Monday, September 10, 2007

First Among Fruits


I was wandering through the produce section at one of the local markets this weekend when I was stopped in my tracks. Half way across the area, a basket rested on the exotic fruit table, filled with pomegranates. True, they weren't especially large or red, but they were there! Two whole months before I expected to see one! I exercised great restraint by only buying two instead of the whole basket.


The pomegranate is my favorite fruit, not only because it's delicious, but also because of the mythology surrounding it. In Greek myth, Persephone was tricked into staying in the Underworld when she ate six pomegranate seeds. In Jewish tradition, there are 613 seeds in a pomegranate, corresponding to the 613 commandments of the Torah. In Christian iconography, Christ is often holding a pomegranate in Virgin and Child scenes.


The pomegranate (or nur) is also one of the symbols of Armenia, representing marriage, fertility and abundance. Throughout the Middle East, pomegranates are used in wedding rituals; the more seeds in the fruit, the more fruitful the marriage will be.


The health benefits of pomegranates are tremendous, as well, as the recent surge of pomegranate-related products supports. The antioxidants in the fruit are especially beneficial for the heart... but if you want all the details, a quick web search will provide what you're looking for.


Despite the millions of pomegranate products, I'll be sticking with the real thing when I can find it. There's something so zen about peeling the arils, or seeds, out from the leathery skin, sampling a tart seed now and again.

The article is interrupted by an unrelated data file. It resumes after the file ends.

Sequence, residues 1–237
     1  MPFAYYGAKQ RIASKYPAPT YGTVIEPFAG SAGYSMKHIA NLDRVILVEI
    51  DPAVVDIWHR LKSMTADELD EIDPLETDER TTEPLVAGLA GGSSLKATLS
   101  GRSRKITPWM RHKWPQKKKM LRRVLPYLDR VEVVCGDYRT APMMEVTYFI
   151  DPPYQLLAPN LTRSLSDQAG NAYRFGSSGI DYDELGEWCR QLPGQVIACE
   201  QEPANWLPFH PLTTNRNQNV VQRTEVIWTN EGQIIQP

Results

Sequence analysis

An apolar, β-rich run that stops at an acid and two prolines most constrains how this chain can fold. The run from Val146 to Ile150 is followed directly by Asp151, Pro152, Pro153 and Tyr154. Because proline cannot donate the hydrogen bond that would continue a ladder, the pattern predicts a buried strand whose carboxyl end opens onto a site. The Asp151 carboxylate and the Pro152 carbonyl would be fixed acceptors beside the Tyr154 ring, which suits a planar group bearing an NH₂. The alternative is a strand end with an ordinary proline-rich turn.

Note: The title for this post comes from the poem "Garden Song," translated by Ezra Pound and Noel Stark, second-hand from Egyptian hieroglypics, about the pomegranate.

6 comments:

Liney said...

Wow that is early - they're not out here yet

Rhea said...

I agree, it's better to eat a real one than to drink that juice. I wonder if I should count the seeds to make sure that number is right. Maybe during a snowstorm this winter when I have nothing better to do.

eufemia said...

THIS FRUIT IS USED FOR A MEXICAN MEAL, WHICH IS COOKED FOR A HOLIDAY ON SEPTEMBER. ITS GREAT, WITH PORKMEAT, RAISINS, GOAT CHEESE, AND CHILE POBLANO. ITS DELICIOUS

jef said...

Do you really take all the seeds out like that every time you eat one? I rarely have the restraint to keep a nice plateful like that, they usually go from fruit to mouth.

nicisme said...

I don't know if I like them or not - I'll have to give them another go. But I absolutely love that first photo, the colours are gorgeous!

Pam said...

Liney, hopefully you can find one the next time you see your dad ;)

Rhea, I might end up doing that too, depending on how bad the winter gets...

Eufemia, that sounds like a terrific combination of flavors

Jef, I hate how sticky my hands feel while I peel them, so I'll do two or three at a time, then save the arils in the fridge for snacking throughout the week

Necisme, I can understand not liking them - try eating one aril at a time, the inside won't be as tough to chew. And thanks!